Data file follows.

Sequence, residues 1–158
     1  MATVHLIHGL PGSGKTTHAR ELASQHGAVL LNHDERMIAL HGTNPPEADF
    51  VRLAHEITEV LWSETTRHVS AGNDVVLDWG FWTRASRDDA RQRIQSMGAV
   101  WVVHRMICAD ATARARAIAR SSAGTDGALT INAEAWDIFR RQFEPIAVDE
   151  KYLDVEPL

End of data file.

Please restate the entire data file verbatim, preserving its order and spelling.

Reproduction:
Sequence, residues 1–158
     1  MATVHLIHGL PGSGKTTHAR ELASQHGAVL LNHDERMIAL HGTNPPEADF
    51  VRLAHEITEV LWSETTRHVS AGNDVVLDWG FWTRASRDDA RQRIQSMGAV
   101  WVVHRMICAD ATARARAIAR SSAGTDGALT INAEAWDIFR RQFEPIAVDE
   151  KYLDVEPL